Q: I would like to install solar panels on the roof of my home, but I did not see any standards addressing this within my homeowners’ association’s documents or architectural review guidelines. Would I be allowed to install these in order to make my home greener? (K.L. via e-mail)
A: Probably. Under Section 163.04 of the Florida Statutes, homeowners’ association declarations may not prohibit owners from installing certain renewable energy devices on buildings located on lots or parcels that are subject to the declaration. These devices include “solar collectors, clotheslines, or other energy devices based on renewable resources.” In the event that an owner wishes to install solar collector devices on a roof, the statute allows the approving entity under the declaration (such as the architectural review committee) to determine the specific location where they may be installed, including positioning the solar collectors to the south or within 45 degrees east or west of due south, if this does not impair the effective operation of the solar collectors.
This law was first enacted in 1980, and the prevailing view is that covenants which predate the statute may still be enforced.
In the condominium context, the statute provides that owners may not be denied the ability to install the solar panels by the approving entity in the declaration, so long as the proposed installation is done within the unit boundaries. However, from a practical standpoint, these panels would rarely be located within the unit boundaries.
The Florida Condominium Act also allows the board of directors to install solar collectors, clotheslines, or other renewable energy devices upon or within the common elements or association property to benefit unit owners, without unit owner approval.
Q: My condominium association has historically had problems getting people to serve on the board. Two board members recently resigned and the remaining three board members cannot get volunteers to fill the vacancies. Some people in our community have suggested simply having the State come in and run the Association. Is that actually an option? (W.P. via e-mail)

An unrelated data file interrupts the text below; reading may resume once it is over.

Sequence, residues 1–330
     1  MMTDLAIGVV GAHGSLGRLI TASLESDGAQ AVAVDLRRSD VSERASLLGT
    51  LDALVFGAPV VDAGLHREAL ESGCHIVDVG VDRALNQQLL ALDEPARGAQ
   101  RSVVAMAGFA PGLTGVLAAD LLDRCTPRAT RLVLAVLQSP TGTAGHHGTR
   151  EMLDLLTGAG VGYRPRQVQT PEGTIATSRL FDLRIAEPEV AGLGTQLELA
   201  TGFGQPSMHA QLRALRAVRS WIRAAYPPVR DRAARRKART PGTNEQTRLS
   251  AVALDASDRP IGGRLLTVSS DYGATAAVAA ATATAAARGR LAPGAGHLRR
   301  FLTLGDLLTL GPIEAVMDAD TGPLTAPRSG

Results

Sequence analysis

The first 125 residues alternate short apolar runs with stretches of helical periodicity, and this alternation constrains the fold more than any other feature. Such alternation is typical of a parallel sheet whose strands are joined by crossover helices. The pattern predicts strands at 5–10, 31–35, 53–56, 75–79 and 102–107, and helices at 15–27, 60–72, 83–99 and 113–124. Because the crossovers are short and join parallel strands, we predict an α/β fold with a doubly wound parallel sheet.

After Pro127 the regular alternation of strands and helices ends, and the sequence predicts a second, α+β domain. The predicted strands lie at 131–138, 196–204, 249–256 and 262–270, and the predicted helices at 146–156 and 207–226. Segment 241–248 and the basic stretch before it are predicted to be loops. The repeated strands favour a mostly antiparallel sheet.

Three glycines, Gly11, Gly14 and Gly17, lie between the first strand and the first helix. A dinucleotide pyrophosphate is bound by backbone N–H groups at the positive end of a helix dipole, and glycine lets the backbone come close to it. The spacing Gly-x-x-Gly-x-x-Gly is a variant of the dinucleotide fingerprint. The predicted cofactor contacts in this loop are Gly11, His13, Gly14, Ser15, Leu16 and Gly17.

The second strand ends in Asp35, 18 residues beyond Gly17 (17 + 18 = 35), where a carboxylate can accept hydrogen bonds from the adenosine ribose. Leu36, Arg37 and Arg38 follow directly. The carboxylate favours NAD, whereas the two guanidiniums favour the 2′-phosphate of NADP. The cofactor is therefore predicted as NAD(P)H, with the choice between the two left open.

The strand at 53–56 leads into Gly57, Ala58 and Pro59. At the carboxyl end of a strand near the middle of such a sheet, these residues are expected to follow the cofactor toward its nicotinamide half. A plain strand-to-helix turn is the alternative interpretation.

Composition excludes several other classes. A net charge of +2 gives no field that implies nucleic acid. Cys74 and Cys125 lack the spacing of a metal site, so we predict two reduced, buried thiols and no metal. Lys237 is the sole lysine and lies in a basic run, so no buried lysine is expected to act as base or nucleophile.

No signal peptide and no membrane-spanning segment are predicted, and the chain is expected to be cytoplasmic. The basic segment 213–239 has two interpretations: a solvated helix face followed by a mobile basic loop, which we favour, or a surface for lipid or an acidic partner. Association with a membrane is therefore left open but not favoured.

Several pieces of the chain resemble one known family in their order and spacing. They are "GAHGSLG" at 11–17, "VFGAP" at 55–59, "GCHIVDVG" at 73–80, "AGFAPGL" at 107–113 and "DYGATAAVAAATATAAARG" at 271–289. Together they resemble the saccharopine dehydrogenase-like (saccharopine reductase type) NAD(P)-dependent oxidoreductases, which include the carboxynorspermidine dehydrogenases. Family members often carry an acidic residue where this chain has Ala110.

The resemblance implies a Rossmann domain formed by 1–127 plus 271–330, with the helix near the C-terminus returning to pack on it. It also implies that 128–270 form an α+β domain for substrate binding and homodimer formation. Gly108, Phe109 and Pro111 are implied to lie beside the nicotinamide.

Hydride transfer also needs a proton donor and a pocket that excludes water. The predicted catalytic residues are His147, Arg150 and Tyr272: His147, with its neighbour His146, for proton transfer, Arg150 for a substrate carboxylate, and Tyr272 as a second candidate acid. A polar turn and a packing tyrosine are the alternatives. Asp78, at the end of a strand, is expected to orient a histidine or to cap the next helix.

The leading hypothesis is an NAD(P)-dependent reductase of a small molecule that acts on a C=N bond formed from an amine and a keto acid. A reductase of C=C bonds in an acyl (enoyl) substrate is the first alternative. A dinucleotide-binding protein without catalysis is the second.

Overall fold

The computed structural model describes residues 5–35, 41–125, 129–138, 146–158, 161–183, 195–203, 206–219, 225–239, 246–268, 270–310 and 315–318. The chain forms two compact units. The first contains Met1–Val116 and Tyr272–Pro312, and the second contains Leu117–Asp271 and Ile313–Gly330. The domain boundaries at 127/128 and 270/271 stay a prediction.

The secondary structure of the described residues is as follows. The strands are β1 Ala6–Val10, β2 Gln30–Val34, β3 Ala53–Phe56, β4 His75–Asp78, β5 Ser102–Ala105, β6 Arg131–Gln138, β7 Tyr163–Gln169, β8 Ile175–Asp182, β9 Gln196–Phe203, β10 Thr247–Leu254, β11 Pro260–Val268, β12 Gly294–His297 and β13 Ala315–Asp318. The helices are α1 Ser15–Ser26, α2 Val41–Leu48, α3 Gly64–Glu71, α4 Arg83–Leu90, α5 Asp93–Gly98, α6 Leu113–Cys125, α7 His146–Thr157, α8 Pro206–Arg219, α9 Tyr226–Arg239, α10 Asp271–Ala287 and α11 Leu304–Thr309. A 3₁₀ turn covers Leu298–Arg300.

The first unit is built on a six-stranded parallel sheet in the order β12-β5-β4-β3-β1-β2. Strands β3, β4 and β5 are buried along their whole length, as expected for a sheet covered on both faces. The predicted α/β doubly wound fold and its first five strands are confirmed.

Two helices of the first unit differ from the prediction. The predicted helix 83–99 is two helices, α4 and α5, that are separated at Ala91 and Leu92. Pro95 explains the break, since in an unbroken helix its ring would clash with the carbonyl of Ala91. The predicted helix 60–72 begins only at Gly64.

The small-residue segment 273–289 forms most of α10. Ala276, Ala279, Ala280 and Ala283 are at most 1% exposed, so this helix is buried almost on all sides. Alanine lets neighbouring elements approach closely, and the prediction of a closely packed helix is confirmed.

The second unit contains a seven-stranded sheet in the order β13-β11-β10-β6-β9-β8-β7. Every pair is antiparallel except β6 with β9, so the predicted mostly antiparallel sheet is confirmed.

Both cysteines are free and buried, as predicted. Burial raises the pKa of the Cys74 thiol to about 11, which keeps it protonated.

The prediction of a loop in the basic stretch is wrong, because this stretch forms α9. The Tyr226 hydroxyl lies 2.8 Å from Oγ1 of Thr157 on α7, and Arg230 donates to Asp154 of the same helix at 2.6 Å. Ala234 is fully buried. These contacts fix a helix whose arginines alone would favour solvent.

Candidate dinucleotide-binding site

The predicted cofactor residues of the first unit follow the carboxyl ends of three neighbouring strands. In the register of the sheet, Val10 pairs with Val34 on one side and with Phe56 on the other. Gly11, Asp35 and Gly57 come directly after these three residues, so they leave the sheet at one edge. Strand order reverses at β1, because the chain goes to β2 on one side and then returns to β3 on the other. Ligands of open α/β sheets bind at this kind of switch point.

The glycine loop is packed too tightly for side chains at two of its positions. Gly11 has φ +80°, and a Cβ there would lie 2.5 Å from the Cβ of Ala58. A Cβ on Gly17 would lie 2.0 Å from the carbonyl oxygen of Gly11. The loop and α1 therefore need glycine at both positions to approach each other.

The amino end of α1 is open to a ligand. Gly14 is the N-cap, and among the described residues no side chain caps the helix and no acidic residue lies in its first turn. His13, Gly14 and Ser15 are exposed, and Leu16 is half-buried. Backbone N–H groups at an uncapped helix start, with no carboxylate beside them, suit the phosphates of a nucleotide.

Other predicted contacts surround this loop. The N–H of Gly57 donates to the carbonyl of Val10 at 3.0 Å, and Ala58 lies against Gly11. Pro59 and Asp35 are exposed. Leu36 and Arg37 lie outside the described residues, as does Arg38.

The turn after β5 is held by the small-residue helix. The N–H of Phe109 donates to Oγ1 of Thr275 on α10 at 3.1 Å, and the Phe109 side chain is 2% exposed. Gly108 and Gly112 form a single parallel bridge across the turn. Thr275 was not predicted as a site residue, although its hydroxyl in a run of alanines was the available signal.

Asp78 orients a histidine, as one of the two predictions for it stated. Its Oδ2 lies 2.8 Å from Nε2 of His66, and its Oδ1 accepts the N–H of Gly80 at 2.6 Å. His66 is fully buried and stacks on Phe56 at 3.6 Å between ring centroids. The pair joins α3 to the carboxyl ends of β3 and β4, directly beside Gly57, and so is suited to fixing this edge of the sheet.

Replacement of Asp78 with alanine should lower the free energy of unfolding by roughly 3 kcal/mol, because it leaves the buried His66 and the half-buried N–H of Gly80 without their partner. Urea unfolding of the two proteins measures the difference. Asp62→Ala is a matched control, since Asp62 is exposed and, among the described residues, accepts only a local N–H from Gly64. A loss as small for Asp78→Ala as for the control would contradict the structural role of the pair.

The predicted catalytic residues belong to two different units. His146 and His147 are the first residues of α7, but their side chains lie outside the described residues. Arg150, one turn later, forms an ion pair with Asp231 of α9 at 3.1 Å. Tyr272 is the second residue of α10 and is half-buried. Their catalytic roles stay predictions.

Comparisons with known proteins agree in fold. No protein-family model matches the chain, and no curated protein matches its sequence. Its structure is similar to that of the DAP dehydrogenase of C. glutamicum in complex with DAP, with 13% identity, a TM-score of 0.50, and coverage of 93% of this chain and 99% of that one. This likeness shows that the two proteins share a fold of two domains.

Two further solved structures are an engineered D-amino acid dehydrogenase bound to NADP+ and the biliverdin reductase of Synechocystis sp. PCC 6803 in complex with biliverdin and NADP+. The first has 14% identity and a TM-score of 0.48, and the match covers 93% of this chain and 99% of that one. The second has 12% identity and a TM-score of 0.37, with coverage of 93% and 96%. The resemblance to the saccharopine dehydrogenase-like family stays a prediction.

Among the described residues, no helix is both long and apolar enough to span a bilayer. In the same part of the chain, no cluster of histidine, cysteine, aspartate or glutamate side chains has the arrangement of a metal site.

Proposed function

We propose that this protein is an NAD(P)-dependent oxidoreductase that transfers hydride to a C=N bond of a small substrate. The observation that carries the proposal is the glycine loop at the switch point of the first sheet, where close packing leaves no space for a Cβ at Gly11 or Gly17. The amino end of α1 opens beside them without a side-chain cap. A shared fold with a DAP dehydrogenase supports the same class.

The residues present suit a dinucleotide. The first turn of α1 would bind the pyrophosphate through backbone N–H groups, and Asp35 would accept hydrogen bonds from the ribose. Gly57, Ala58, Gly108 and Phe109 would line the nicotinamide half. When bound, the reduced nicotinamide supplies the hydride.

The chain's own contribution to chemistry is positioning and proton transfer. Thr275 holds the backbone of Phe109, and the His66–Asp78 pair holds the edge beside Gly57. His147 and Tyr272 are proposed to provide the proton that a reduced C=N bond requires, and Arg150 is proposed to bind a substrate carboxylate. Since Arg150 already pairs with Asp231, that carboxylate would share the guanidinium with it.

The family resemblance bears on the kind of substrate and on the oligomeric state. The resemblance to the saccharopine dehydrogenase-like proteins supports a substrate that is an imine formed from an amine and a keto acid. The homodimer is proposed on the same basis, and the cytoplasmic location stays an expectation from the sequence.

A: Not really. The Florida Condominium Act does not provide a mechanism for the State to take over and handle the operation of the association. The Division of Condominiums, Timeshares, and Mobile Homes is the administrative agency in charge of regulating condominium associations. However, it does not have the authority to step in and run a condominium association.
You may be referring to the process of having a “receiver” appointed. Section 718.1124 of the Act provides that when an association fails to fill the vacancies on the board of administration sufficient to constitute a quorum, any unit owner can give notice of their intent to apply for a receiver to be appointed to manage the association’s affairs.
The statute outlines the process to have a court appoint a receiver, including providing notice to all owners, which must be given 30 days before filing the petition, in order to give the association sufficient time to constitute a quorum of the board of directors.
A receiver is typically a professional such as an attorney or an accountant who would run the association until such time as a quorum of the board can be sufficiently constituted. The association must pay the receiver’s salary, which could potentially be expensive. In my experience, appointing a receiver is not a desirable option for an association or your property values. Owners in your condominium need to step up and take their turn serving on the board. You should also look into professional management if your association does not currently use it.
Another option for the association would be to amend the bylaws to provide for a three-member board, which may make it easier to fill all the positions, and only requires two directors for a quorum.
Joe Adams is an attorney with Becker & Poliakoff, P.A., Fort Myers. Send questions to Joe Adams by e-mail to email@example.com. Past editions may be viewed at floridacondohoalawblog.com.